Comments on “Freescale partners with Indian Design Houses” by K.C Krishnadas in EE Times
This is indeed a strategy leading to multiple mutual benefits i.e. if implemented in the right spirit.
The right IP, the right technology, the optimal design flow, the right timing: neither of these factors can hold on their own in today’s volatile market. The customer wants a solution, not a set of leggo blocks left to him to assemble together.
Most of the design houses have some excellent design talent coupled with great technology, flow and ideas. But the present highly fragmented and transient market makes it very difficult for these design houses to even survive the initial few years before they hit the market and revenues start trickling in. The ruthless market conditions have led to the premature demise of many a promising design houses. With the multinationals tapping on these entities for domain know how and a basic solution using their IPs and the design houses leveraging on the multinationals’ clout (financial and market channels), it can be a win-win situation.
posted in Business |
Refering to When infrastructure is essence: Open-Silicon automates the flow , an article posted in Electronic Engineering Times by Ron Wilson on Sep 16 2005
ASIC implementation is a complex procedure.
Automating it is more complex.
And adhering to the automated flow & achieving the intended results is an art in itself.
Every ASIC design team would have ventured into attempting to automate the complete process at least once in it’s life time. From my experience, it’s not the complexities involved (in the methodology or the automation), nor is it the lack of resources; but it is the good old discipline (or lack of it) that keeps one away from achieving the benefits of this automation. The biggest spoke in such an automation is the varied sets of designs, each with it’s unique baggage of complexities and requirements. Deviations are bound to occur if one needs each design to be optimized. So, it’s heartening to note that Open Silicon’s automated flow intends to include such creative detours.
It takes time (and restraint) to include all details; version control, detailed comments, personal tweaking, coding practices etc. I recollect the time when I had to put on hold all library releases by my team in order to include version control; it was not one of my favorite periods ! But yes, the subsequent gains more than supplemented for it.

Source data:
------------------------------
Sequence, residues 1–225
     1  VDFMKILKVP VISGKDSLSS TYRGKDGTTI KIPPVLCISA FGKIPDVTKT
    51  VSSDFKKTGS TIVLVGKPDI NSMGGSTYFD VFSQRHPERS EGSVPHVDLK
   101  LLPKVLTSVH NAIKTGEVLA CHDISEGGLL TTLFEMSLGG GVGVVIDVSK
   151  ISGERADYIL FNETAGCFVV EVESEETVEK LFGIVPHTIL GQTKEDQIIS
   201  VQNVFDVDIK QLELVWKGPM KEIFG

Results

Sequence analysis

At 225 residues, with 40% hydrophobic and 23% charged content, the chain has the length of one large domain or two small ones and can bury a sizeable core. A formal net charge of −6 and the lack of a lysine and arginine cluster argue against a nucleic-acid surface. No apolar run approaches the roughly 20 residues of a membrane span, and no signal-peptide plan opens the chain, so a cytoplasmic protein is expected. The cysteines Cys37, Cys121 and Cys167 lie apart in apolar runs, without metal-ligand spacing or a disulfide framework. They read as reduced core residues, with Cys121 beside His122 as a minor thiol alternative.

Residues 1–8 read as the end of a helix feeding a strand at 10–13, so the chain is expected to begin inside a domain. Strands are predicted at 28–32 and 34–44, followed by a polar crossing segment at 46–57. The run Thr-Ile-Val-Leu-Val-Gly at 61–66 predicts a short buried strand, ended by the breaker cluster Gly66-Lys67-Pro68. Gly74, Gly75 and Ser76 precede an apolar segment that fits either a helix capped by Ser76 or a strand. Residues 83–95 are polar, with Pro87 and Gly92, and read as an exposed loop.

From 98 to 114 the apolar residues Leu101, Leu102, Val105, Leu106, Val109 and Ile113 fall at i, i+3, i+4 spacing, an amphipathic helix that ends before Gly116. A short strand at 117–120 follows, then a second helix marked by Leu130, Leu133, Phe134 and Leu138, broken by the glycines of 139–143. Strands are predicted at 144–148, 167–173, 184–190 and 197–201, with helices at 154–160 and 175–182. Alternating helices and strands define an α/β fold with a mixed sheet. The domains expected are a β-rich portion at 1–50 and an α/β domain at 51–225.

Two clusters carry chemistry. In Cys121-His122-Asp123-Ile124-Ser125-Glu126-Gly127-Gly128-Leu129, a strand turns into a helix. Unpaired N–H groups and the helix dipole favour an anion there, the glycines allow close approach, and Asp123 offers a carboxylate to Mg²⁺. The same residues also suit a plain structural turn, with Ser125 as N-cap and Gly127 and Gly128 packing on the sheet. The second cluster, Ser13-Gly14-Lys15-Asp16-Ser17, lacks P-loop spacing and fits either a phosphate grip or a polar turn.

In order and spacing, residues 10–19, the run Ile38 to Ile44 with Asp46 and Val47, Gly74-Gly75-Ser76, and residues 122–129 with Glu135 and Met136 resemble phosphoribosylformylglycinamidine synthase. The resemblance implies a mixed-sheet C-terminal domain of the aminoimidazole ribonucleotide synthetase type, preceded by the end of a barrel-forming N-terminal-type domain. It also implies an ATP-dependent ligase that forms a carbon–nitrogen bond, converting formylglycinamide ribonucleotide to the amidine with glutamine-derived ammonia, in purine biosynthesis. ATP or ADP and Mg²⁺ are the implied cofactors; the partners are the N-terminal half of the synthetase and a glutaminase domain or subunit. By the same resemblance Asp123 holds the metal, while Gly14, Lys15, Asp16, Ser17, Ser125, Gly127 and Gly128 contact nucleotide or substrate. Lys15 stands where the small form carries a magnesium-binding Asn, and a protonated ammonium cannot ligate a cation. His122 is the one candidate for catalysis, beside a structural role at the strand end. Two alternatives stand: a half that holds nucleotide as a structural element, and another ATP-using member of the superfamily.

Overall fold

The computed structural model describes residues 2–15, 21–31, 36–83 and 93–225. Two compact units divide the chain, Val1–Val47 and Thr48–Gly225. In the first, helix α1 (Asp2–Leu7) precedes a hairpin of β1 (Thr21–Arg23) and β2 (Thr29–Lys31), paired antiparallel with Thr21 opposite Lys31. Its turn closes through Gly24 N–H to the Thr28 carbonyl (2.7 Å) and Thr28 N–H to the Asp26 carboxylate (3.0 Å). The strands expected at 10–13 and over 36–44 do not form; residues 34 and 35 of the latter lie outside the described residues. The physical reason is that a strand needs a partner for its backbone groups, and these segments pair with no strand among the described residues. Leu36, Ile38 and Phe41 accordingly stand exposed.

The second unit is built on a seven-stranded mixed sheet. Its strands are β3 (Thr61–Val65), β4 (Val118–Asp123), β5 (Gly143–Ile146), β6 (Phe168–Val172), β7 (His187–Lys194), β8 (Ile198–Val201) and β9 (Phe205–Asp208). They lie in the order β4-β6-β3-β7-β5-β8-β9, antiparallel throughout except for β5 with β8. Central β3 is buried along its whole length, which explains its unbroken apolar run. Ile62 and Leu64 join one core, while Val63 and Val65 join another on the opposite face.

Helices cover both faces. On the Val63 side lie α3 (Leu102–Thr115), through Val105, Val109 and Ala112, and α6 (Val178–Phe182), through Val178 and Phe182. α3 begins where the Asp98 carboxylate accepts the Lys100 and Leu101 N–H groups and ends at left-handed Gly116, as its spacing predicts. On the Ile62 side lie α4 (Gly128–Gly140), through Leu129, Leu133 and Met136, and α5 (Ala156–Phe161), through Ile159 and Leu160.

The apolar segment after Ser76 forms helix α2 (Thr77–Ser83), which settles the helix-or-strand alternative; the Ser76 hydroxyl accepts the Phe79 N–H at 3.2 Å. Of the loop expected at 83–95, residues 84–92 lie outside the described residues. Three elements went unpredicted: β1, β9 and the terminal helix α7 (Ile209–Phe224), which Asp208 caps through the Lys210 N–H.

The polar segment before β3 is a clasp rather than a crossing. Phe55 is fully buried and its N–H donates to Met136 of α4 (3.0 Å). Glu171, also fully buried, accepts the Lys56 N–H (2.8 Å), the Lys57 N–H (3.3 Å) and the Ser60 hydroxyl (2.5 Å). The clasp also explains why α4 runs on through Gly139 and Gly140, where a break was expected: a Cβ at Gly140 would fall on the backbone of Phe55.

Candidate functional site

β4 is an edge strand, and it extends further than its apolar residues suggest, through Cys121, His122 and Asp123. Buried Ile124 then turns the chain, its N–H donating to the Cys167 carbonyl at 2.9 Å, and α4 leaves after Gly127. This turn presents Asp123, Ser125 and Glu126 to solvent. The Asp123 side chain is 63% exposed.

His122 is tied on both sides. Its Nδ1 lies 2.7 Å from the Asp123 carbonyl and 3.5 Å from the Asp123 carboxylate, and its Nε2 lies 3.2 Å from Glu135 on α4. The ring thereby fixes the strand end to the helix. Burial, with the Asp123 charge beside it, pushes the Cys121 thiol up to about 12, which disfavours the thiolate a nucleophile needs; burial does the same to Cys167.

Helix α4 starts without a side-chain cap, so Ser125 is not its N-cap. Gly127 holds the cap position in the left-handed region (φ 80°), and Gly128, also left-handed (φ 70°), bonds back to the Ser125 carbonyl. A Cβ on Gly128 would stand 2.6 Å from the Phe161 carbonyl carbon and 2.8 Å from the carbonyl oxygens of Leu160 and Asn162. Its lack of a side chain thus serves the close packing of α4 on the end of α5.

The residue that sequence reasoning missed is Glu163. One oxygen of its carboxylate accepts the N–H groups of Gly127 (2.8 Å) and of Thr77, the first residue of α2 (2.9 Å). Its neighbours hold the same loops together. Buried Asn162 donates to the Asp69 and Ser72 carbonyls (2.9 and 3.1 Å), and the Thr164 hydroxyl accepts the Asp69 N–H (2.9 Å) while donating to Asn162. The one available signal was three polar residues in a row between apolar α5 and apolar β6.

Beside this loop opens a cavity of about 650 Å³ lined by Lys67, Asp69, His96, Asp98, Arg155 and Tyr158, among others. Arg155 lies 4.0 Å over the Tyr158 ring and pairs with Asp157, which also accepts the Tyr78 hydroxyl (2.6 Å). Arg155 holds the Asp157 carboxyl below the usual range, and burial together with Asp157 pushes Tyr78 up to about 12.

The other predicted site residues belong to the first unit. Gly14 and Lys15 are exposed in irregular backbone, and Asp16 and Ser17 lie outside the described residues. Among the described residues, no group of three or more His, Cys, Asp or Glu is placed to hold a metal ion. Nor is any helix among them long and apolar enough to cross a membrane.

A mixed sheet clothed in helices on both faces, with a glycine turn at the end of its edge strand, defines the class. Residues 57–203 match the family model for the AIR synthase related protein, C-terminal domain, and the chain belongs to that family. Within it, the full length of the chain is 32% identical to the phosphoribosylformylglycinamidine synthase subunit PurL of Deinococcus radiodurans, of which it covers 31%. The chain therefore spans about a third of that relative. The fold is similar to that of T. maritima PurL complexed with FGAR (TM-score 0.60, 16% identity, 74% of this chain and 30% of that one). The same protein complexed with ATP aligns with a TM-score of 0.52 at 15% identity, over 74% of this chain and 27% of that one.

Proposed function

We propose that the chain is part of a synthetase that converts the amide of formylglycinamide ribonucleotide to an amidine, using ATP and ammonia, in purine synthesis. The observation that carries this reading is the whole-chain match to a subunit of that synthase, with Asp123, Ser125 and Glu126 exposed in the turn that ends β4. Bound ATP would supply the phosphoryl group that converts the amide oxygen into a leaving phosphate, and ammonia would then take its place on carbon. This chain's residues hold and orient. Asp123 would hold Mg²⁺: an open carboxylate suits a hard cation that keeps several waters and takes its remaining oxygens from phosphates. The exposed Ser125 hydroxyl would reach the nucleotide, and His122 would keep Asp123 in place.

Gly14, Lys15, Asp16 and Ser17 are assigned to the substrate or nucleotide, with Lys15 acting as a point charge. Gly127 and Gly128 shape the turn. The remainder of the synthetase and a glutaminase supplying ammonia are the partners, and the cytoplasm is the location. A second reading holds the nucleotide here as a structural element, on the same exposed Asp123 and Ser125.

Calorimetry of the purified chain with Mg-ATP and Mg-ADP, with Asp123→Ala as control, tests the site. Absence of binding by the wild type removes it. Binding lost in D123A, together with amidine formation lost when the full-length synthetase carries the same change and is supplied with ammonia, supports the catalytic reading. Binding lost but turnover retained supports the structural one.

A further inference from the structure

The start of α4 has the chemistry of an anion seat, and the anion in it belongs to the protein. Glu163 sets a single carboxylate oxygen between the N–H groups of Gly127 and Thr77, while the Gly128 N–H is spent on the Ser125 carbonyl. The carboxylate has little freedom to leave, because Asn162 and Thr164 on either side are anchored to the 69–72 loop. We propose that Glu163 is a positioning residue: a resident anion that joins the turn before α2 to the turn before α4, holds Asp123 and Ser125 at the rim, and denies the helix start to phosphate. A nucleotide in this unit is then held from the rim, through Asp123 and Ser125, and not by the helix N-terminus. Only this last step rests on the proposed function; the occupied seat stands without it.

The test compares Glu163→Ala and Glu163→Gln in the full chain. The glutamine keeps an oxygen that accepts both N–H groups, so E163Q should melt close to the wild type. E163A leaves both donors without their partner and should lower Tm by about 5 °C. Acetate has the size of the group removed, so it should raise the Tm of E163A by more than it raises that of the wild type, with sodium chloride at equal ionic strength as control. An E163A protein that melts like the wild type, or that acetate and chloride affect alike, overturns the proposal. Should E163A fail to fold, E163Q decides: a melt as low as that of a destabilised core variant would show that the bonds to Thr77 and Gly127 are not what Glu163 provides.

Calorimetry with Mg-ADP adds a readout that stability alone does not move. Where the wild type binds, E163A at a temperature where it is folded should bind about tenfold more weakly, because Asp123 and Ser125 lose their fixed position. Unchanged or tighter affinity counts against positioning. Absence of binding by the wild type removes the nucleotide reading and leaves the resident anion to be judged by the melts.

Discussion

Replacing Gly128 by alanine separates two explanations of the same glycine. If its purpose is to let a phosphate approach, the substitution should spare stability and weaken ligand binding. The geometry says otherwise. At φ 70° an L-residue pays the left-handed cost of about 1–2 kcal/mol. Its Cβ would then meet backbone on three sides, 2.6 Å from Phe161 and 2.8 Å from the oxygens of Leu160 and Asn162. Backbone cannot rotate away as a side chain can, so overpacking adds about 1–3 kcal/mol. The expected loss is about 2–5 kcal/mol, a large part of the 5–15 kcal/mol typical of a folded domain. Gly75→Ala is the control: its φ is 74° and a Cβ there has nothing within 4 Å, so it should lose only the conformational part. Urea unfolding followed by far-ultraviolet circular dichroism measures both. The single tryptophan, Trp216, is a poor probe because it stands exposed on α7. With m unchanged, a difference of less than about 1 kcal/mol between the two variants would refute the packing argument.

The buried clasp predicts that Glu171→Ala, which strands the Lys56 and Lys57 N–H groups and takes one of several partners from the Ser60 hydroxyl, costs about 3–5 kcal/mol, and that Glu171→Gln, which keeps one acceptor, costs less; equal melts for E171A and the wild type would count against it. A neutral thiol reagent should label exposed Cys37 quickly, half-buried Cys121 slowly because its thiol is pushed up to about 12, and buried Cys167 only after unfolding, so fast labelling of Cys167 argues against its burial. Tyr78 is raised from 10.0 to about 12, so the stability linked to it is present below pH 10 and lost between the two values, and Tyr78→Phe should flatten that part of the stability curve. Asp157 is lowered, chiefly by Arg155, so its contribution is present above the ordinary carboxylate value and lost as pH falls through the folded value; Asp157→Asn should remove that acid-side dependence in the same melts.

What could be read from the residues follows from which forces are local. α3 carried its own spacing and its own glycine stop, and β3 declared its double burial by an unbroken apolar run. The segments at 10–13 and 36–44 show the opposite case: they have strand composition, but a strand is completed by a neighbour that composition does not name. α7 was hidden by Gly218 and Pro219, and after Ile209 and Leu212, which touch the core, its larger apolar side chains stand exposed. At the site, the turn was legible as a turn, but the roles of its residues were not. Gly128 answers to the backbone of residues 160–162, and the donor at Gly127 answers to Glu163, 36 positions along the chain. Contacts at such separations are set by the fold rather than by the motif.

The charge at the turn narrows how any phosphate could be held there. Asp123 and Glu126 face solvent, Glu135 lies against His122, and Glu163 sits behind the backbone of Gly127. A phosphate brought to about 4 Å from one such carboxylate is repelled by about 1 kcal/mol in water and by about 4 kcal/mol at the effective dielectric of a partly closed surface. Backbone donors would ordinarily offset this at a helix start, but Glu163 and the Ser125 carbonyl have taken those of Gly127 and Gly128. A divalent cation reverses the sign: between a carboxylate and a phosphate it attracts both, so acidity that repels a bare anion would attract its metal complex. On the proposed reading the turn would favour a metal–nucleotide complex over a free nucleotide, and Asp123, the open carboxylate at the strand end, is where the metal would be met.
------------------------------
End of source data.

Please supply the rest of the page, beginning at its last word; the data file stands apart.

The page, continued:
Having developed, implemented as well as managed a gamut of automations across various ASIC implementations spanning various geographies, I adhere to the age old wisdom : A tool is as good as it’s implementation.
posted in ASICs, EDA |
Comments on “Seeing Taiwan as centre of IC world”, an interview of Nicky Lu by Mike Clendinin
IPs fill up the differentiating edge gap in a product leading to higher sales and thus higher revenues. But the broad definition of IP has also changed over the years. What was initially termed as the “winning” block in a chip has now become a generic part. So one needs to keep up innovating to come up with new IPs, new value-addition to the IC.
In the “manufacturing reigns supreme” years, Taiwan had the edge of having the wafer fab, assembly & testing plants as well as multiple design houses in the vicinity. Later when this along with the lower cost was no longer sufficient, foundries started focusing more on their IP portfolios and now on addressing the various issues arising in the design chain, in addition to the manufacturing issues. This has also been a triggered by the need of the “falling of the walls” between the design space and manufacturing space. Forced or not, this is good for the industry especially in the DSM zone.
Given the earlier edge of having in place the basic semiconductor ecosystem, Taiwan can be strongly poised if it can efficiently harness the synergy from it as an integral unit rather than as separate entities.
posted in Business |
Refering to Leaky chips test designers’ skills by Mike Clendinin in www.eetasia.com
Yes, one can no longer rely upon deploying the power optimization techniques in the later part of the design. For that matter, it’s not sufficient to keep it restricted to any one design phase. It needs to be strategized and implemented right from algorithmic level, through architecture level and down to the placement & route phases. The higher the level, the more power savings one gets.
And there’s a constant balancing act between the various design constraints i.e. power, area and timing……..at least as of now.
posted in EDA |